Home / India / China Is Trying To Trap Its Air Pollution & Convert It Into Diamonds & They’re Damn Serious

China Is Trying To Trap Its Air Pollution & Convert It Into Diamonds & They’re Damn Serious

The Chinese have progressed at a rapid pace in the last 30 years. Deteriorating air quality, though is one of the worst side effects that progress. In fact, air pollution in China is so bad that it kills about 4000 people every year.

ch

Much to China’s delight however, Dutch artist Daan Roosegaarde has proposed an innovative plan to tackle the air pollution problem. He wants to turn the smog in the air in China into diamonds, Yes, diamonds.  

The Smog Free Project first had a pilot run in Rotterdam. And now, it is coming to Beijing. The project is made up of two parts. The smog is first sucked up by a 7m tall tower, which cleans the polluted air at a nano-level. The Beijing smog is 32% carbon, which according to Roosegaarde, under 30 minutes of pressure, can be turned into diamonds. The money raised by selling jewellery made with these diamonds will go towards developing more Smog Free Towers.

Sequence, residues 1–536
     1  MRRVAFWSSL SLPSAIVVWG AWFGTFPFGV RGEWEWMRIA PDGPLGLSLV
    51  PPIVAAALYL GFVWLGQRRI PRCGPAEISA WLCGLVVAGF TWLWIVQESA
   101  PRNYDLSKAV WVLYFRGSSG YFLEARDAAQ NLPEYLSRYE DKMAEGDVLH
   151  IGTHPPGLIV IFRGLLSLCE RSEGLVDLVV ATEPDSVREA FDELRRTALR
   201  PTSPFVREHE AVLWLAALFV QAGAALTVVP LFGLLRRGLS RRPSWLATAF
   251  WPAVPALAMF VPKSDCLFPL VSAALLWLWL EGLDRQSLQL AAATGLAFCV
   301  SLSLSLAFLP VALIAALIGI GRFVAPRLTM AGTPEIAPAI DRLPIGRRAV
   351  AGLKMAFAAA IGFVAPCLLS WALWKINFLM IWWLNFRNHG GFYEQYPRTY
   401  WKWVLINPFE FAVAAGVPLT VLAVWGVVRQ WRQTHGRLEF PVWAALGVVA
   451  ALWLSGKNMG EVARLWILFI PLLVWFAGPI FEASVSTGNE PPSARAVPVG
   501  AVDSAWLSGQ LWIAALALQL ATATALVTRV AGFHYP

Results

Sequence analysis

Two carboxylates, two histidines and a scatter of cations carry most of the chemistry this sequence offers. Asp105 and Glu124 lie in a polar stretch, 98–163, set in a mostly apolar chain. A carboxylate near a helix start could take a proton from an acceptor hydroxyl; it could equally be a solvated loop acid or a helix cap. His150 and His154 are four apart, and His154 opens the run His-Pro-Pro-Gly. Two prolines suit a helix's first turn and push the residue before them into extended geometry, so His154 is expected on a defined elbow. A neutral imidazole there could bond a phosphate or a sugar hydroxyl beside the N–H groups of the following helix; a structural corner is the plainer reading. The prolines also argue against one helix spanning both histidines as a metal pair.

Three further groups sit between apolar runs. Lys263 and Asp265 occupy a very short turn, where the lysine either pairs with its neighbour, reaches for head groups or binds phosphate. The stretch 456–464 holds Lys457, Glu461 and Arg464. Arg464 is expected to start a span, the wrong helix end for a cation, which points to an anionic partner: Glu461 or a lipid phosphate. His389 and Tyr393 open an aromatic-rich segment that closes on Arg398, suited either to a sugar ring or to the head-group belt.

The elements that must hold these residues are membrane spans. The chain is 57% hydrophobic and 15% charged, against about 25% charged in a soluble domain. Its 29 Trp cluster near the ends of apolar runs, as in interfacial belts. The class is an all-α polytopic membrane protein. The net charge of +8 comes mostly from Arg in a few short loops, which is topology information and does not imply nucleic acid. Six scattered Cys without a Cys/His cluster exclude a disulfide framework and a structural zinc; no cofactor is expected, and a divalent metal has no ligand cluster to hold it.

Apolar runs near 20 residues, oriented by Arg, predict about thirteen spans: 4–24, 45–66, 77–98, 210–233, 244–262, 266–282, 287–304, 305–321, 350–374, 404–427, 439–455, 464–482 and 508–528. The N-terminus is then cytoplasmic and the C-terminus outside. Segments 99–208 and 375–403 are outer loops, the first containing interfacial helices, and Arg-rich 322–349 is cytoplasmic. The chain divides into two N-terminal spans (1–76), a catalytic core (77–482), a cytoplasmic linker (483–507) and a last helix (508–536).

ch2

Roosegaarde said that one day, while looking out of a Beijing hotel window, he couldn’t see anything due to the smog and that disappointed him. And that is when he decided to do something about it, and came up with this novel idea. “On Saturday, I could see the world around me, the cars, the trees, the people. But on Wednesday it was completely covered in smog, with pollution, and that image made me a little bit sad.”

This is not the first innovative project that Roosegaarde has come up with. In the past, he has worked on things like a road that charges electric cars when they drive on it, and a dance floor that generates electricity when people dance on it. 

To show how exactly the concept works, The World Economic Forum posted a video on their Facebook page,and that is pretty illustrative.

 

Check Also

Opioid commission: We need drug courts, not prisons, for abusers

That sweeping change was one of the boldest of the 56 recommendations made by the …

Leave a Reply

Your email address will not be published. Required fields are marked *